With a multitude of software options and strong support for VMware and Hyper-V, the QNAP NAS appliance can play many roles in a growing small business
After initial setup, a simple Web interface -- accessible from the QNAP Finder or by browsing directly to the appliance -- provides access to all of the configuration aspects of the system. You don't need the QNAP Finder, but it makes life easier when managing multiple QNAP devices. Although IPv6 support is included for some of the storage features, the QNAP Finder seems to function only in the IPv4 world at the moment.
A rare feature in the QNAP line is called Share Folder Aggregation. Similar to symbolic links in the *nix world, Share Folder Aggregation allows the QNAP NAS to mount SMB shares on other servers and make those shares available in a new "Aggregated Folder." Because the QNAP does seem to play nice with Active Directory, I could easily see this as a way to give access to special directories without having to provide additional credentials to your workgroup users. This type of external file system mounting is even extended to the iSCSI world since this box can be either a provider or consumer of iSCSI connections.
Strong on iSCSI
In fact, I'm all warm and fuzzy over QNAP's iSCSI support, which goes a bit further than most. It isn't hard to turn an old server into an iSCSI target (to share storage with a VMware ESX server, for example) with open source software like FreeNAS or Openfiler. But QNAP makes iSCSI configuration dead easy -- perfect for a growing organization's first foray into server virtualization. It certainly worked well enough for my VMware ESX 3.5 test server, with perceived performance just a bit slower than my old Dell PowerEdge 2800 running Openfiler.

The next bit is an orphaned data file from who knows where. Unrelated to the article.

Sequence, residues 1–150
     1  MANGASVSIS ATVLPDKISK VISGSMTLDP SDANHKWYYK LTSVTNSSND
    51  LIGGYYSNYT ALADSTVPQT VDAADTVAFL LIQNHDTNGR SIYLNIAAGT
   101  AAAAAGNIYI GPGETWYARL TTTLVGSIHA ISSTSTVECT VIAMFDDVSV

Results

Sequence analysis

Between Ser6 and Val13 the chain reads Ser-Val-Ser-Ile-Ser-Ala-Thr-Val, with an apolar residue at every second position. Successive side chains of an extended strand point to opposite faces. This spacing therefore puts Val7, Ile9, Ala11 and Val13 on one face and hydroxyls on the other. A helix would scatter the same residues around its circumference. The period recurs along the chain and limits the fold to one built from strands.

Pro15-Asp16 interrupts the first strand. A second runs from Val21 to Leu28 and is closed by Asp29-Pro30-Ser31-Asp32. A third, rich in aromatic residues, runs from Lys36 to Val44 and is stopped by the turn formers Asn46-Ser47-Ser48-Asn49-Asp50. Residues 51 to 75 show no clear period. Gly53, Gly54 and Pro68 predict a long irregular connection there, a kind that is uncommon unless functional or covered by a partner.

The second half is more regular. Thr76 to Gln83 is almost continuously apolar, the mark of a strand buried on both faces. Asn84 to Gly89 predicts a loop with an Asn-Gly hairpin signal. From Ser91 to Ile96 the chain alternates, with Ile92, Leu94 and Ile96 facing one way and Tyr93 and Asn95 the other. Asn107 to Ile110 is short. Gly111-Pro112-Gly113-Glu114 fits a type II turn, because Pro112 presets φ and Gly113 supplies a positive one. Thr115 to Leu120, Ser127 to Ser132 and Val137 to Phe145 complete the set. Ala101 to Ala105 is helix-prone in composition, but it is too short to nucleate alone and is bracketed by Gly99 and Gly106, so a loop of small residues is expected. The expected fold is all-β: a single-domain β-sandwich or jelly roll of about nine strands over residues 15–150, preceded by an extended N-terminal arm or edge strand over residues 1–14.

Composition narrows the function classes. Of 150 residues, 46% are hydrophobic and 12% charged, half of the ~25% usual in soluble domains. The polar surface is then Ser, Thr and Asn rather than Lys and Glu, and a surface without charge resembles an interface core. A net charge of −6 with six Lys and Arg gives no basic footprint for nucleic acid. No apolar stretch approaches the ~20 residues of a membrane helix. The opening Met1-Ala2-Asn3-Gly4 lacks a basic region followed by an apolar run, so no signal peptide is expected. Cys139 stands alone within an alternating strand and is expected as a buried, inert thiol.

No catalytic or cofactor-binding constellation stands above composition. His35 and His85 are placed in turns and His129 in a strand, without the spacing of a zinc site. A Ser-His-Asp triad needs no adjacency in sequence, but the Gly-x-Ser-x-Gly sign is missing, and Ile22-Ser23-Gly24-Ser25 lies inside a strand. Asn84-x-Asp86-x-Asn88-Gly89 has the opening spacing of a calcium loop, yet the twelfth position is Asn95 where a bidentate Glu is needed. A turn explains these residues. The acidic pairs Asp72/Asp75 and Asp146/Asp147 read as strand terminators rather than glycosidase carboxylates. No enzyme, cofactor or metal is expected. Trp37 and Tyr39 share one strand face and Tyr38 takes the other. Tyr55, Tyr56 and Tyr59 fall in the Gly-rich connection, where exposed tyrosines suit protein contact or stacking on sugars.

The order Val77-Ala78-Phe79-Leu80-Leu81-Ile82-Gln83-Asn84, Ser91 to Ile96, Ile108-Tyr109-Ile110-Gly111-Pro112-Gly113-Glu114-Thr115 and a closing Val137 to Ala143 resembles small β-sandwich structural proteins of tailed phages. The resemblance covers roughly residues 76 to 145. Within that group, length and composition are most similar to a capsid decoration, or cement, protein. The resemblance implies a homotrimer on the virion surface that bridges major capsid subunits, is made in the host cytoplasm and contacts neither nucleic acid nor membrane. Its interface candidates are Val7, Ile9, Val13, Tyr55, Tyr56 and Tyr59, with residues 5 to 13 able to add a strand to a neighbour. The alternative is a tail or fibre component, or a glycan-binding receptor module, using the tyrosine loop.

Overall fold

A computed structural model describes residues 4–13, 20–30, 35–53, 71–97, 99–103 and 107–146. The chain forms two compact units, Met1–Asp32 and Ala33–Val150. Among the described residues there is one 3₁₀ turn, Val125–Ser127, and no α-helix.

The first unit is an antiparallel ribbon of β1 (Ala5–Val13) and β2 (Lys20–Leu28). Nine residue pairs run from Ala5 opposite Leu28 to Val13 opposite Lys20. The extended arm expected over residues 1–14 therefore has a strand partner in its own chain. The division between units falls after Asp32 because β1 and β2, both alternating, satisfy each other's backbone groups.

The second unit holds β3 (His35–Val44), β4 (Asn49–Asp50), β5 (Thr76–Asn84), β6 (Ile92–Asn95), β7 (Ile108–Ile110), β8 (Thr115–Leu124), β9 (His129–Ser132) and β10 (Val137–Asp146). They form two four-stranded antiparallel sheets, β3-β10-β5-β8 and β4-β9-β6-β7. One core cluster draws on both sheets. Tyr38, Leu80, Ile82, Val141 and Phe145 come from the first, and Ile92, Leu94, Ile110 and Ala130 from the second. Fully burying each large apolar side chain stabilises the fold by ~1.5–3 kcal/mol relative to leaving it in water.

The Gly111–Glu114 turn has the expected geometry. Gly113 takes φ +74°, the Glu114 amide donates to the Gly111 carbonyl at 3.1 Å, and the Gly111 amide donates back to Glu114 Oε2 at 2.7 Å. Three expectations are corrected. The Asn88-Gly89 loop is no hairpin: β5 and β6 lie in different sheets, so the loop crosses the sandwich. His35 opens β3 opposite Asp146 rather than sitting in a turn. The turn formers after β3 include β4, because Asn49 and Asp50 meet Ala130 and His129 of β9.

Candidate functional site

As opposed to the big boys in the iSCSI world, QNAP doesn't twist your arm to turn on iSCSI security. (As a counterpoint, Openfiler required me to turn on either LDAP or Active Directory authentication before it would offer up an iSCSI target.) So while QNAP does support CHAP and Mutual CHAP authentication for iSCSI, you aren't forced to use it. It takes quite a while for the NAS to format the iSCSI partition, but once that's done you'll find it very easy to set up your new iSCSI target in VMware ESX and Windows Hyper-V. Considering the use of unencrypted logins, you'll want to apply CHAP with care or think hard about making sure your iSCSI NAS is on an isolated network and away from prying eyes.
Two more features I didn't expect to find were support for MPIO (Multipath I/O) and MC/S (Multiple Connections per Session), which can be used to increase performance and reliability through the two Gigabit Ethernet ports on the appliance. It's important to keep in mind that, although MPIO and MC/S are implemented at different layers of the communications stack, QNAP strongly suggests that you do not implement both: choose one or the other. But combine either MPIO or MC/S with Jumbo Frame support on your upstream Gigabit switch and server, and you should get some big performance numbers from your inexpensive NAS.
QNAP Turbo NAS at a glance
|TS-419U (4-bay 1U rack mount, $799), TS-459 Pro (4-bay cabinet, $899), TS-639 Pro (6-bay cabinet, $1,099)||Supported clients: Windows 2000, XP, Vista (32-bit and 64-bit), Windows 7 (32-bit and 64-bit), Windows Server 2003, Windows Server 2008, Mac OS X, Linux, and Unix. Supported browsers: IE 7 and later, Firefox 3 and later, Safari 3 and later, Google Chrome.|| |
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